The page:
As you can see in this photo, I attached a yarn pom-pom to the hat I made for my daughter, Zee. It desperately needed a pom-pom to reach peak cuteness.
About an hour after I attached this pom-pom, Zee and our nanny (yes, we’re bougie and have a nanny), M, returned from an excursion. M was laughing hysterically and handed me a handful of soggy yarn bits. I couldn’t tell what it was at first.
Then I realized, it was the pom-pom.
Zee had pulled it off within seconds of realizing it was there.
I did more research and tried again and again, using different methods I found on the internet.* Each time, she destroyed them within seconds. I just couldn’t find a way to increase the tension enough to withstand her persistence.
At this point, I gave up. Zee’s hat was simply forlorn without a cheerful adornment, but I was stumped.
On a whim, I picked up a few knitting books from my local library during the Shutdown when I went to fax (yes, fax) an absurd amount of documentation for my unemployment claim. I wasn’t looking for a solution to my pom-pom problem, but I found a clever little pattern in 200 Knitting Tips, Techniques & Trade Secrets by Betty Barnden – a knitted pom-pom.
It’s very simple. You cast on a bunch of stitches and basically turn each set of 3 stitches into one stitch using two types of decreases:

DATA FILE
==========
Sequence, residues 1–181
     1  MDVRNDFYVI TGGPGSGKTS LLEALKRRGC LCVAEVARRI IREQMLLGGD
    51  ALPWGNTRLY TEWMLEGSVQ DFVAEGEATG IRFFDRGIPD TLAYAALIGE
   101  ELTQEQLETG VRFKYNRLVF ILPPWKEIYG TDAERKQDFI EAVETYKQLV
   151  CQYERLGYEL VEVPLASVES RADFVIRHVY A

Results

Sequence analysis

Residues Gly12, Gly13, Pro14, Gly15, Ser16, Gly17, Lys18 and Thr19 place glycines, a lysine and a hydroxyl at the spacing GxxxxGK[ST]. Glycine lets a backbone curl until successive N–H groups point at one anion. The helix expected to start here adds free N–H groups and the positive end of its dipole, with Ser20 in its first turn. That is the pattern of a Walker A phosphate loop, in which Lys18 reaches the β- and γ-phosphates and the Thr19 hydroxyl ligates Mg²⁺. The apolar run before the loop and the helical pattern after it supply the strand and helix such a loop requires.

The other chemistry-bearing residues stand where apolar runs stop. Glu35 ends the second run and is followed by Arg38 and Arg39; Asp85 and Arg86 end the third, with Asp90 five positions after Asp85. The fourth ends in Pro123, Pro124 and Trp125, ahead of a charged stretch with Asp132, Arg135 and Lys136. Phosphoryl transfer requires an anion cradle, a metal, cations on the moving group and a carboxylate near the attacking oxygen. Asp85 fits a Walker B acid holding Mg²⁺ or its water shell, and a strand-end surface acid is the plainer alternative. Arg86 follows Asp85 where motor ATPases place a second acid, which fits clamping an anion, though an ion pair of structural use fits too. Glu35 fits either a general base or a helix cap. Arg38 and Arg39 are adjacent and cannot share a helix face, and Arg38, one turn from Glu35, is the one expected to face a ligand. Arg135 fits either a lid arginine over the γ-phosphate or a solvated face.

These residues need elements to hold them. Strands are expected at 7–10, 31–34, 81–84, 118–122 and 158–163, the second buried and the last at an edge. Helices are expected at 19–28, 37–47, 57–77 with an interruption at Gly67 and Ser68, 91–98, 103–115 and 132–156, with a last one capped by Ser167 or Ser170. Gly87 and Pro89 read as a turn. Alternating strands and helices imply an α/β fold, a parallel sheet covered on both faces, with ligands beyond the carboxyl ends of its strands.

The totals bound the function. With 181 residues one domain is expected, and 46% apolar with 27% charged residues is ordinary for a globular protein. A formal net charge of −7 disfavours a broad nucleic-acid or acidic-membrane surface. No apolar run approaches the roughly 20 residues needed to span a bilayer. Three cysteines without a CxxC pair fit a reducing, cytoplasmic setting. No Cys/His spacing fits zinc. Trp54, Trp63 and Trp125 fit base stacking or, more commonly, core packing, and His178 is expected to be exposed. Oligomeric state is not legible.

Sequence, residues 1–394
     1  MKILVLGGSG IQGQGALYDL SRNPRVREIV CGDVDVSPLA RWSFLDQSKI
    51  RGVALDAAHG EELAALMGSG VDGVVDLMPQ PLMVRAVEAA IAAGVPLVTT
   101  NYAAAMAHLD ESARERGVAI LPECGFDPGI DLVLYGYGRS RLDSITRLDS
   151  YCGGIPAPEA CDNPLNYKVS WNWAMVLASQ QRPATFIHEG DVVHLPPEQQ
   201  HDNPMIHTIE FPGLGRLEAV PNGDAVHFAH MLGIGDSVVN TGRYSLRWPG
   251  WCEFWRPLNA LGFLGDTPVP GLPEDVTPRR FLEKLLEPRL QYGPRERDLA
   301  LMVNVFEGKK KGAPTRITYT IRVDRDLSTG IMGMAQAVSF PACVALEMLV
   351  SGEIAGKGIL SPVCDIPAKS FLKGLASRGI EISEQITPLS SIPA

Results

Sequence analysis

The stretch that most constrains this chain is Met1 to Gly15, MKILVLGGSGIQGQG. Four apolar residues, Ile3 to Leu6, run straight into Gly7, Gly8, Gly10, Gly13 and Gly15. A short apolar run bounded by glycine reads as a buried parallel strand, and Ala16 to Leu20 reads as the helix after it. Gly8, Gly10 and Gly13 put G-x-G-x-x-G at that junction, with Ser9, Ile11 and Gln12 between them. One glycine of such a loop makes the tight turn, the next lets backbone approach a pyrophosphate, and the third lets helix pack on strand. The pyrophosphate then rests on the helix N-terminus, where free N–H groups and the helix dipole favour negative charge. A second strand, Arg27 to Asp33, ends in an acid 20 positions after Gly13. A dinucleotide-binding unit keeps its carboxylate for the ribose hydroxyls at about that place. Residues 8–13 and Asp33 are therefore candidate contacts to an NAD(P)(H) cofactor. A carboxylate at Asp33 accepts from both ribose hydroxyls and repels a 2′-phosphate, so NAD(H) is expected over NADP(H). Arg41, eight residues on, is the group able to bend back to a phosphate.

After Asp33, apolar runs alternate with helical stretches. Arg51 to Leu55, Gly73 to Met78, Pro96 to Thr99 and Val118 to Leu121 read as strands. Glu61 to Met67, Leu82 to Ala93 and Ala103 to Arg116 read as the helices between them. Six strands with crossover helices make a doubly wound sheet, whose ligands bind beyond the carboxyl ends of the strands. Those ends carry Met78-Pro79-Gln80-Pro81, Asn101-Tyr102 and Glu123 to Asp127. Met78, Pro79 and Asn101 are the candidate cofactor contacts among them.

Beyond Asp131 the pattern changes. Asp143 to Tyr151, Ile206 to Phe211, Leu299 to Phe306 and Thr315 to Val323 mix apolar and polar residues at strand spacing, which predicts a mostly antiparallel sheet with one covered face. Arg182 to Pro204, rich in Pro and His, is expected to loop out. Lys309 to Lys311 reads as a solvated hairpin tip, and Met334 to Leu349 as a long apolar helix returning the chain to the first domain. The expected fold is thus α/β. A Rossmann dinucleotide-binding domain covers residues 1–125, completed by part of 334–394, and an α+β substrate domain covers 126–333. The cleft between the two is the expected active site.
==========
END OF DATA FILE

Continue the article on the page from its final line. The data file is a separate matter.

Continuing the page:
Cast on 135 stitches. Knit 1 row. Dec row: *S2togpo* repeat from * to end. Repeat the dec row until 5 stitches remain, cut yarn leaving a long tail. Thread the tail into a yarn or tapestry needle and and slip through the remaining 5 stitches. Gather tightly and secure.
Unfortunately, “S2togpo” is a nonsensical abbreviation, and my research led me to believe that it should be slip 1 stitch knitwise, knit 2 together, pass slipped stitch over.
These little pom-poms are truly a delight to knit. It’s just really fun to watch them take shape.
The hat is no longer forlorn, and, most importantly, my daughter hasn’t figured out how to destroy them yet.
I prefer the stockinette texture to garter stitch, so I substituted purl for knitting when I made the pom-pom for my daughter’s other hat. It didn’t change the visual texture all that much, but I think it does look a little more polished.
Stay tuned for next week’s Baby Hats Part III: Ear flaps.